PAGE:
Tuesday Tip: Fake News 📰
We’re all busy, we almost all have smart phones, and there’s so little time in a day that it’s very easy to just scroll through facebook or Instagram for information and it’s all too tempting to take it at face value.
But according to a recent survey social media is the no. 1 source of nutrition and fitness misinformation.
There is zero control over what people put up on social media – design a funky graphic, tap in to a common fear or desire, and you can pretty much say anything and some people will believe you – eggs are bad, eggs are good, eggs cure cancer, eggs cause cancer… eggs contain lysozyme! (Long word, sounds scary, must be bad…… it’s not 😆) … I could go on!
That’s not to say you can’t trust anything you see on social media but just be a bit critical of what you see. Anything fear-based, food shaming or more about what not to eat than what to eat, or claiming some incredible effect of a specific food is likely to be something to be wary of. Social media can be a great source of information but check where that info is from – who is posting it? Are they qualified? Do they have a fitness or nutrition qualification? Are they quoting scientific, peer-reviewed, studies to back up their claims? Are they trying to sell something – if so that’s often a red flag, or at least a reason to investigate a bit more.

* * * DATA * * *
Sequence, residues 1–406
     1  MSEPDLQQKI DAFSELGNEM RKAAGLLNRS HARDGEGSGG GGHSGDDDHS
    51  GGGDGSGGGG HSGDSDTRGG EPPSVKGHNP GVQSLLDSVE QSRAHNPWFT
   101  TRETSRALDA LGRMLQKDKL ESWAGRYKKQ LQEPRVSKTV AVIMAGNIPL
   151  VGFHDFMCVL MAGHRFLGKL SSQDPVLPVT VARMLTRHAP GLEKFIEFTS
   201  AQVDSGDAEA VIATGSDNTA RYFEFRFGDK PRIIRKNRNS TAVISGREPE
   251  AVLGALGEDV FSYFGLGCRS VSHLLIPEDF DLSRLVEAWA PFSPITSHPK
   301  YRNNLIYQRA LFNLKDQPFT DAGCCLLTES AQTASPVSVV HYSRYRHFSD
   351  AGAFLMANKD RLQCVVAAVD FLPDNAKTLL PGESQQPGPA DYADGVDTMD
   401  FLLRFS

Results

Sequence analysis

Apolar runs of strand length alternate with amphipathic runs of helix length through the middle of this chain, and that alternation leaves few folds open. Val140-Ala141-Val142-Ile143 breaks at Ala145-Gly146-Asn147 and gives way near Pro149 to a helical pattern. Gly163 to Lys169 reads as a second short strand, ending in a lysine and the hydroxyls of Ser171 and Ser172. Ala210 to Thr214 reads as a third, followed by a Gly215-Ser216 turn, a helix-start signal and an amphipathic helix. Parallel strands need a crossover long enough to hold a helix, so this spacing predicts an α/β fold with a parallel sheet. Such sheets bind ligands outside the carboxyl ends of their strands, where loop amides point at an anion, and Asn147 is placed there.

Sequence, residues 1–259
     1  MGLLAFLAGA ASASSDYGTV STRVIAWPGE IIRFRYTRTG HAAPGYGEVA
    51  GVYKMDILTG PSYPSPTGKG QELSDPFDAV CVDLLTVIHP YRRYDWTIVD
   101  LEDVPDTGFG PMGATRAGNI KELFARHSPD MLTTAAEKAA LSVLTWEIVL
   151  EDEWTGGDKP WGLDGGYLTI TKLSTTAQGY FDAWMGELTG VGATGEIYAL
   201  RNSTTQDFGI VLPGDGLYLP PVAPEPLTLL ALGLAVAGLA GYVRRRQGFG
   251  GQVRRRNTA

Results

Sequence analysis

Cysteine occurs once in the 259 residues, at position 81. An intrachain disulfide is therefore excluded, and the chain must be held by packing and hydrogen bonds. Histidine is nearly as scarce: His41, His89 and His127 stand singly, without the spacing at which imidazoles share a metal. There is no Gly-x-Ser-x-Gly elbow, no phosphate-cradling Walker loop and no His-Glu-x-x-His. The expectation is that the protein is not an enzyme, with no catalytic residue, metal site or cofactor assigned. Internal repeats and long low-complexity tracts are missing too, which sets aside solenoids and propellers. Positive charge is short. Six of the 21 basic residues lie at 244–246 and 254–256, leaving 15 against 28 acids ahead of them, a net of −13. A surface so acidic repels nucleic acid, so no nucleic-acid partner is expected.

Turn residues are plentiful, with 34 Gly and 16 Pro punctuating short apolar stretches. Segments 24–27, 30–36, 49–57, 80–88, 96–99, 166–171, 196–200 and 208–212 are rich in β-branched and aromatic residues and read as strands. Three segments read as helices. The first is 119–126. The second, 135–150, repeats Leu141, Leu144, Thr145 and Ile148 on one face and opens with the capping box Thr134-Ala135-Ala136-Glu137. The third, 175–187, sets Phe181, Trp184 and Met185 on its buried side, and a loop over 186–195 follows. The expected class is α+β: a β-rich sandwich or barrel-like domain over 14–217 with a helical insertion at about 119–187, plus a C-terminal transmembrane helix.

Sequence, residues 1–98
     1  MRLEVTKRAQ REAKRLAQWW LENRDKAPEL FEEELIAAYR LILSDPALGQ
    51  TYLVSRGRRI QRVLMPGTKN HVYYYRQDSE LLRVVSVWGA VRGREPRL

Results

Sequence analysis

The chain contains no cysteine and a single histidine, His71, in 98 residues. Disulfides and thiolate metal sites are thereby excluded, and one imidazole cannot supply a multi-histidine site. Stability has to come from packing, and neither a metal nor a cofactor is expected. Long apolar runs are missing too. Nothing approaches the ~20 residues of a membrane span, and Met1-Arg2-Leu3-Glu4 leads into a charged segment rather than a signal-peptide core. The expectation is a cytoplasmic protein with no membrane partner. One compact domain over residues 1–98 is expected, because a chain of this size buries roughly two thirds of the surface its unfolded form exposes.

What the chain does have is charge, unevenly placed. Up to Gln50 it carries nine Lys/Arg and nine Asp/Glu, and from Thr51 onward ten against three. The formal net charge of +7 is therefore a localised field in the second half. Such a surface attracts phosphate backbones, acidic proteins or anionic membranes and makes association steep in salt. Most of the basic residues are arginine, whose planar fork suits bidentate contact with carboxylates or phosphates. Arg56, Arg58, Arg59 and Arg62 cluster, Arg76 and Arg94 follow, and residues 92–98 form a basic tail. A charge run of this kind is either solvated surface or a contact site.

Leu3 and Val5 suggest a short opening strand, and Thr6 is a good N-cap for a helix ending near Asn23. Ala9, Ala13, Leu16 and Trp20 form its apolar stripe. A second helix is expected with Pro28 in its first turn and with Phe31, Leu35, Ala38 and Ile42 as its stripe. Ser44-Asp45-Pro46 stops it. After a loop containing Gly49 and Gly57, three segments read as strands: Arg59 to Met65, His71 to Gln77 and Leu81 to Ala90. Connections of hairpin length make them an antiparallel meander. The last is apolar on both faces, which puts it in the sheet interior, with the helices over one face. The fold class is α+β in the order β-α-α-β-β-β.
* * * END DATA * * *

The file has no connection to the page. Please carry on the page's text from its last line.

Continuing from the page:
In general it’s mostly about balance and moderation – yes we can make grand claims about the awful effects of one food, or the amazing benefits of another – but it usually comes down to quantity. Having a takeaway once a week – not that bad, having it for 2 meals every day – probably not a great idea!
So be critical guys – it’s your body, read the advice, question it, ask for more info if you want – go and do a pubmed search online and find the research…. and yes I’m totally aware of the irony in me posting this on social media, but I’m very happy to chat through the research behind anything I post, and engage in healthy debate about it – any time!
Happy Tuesday 🤗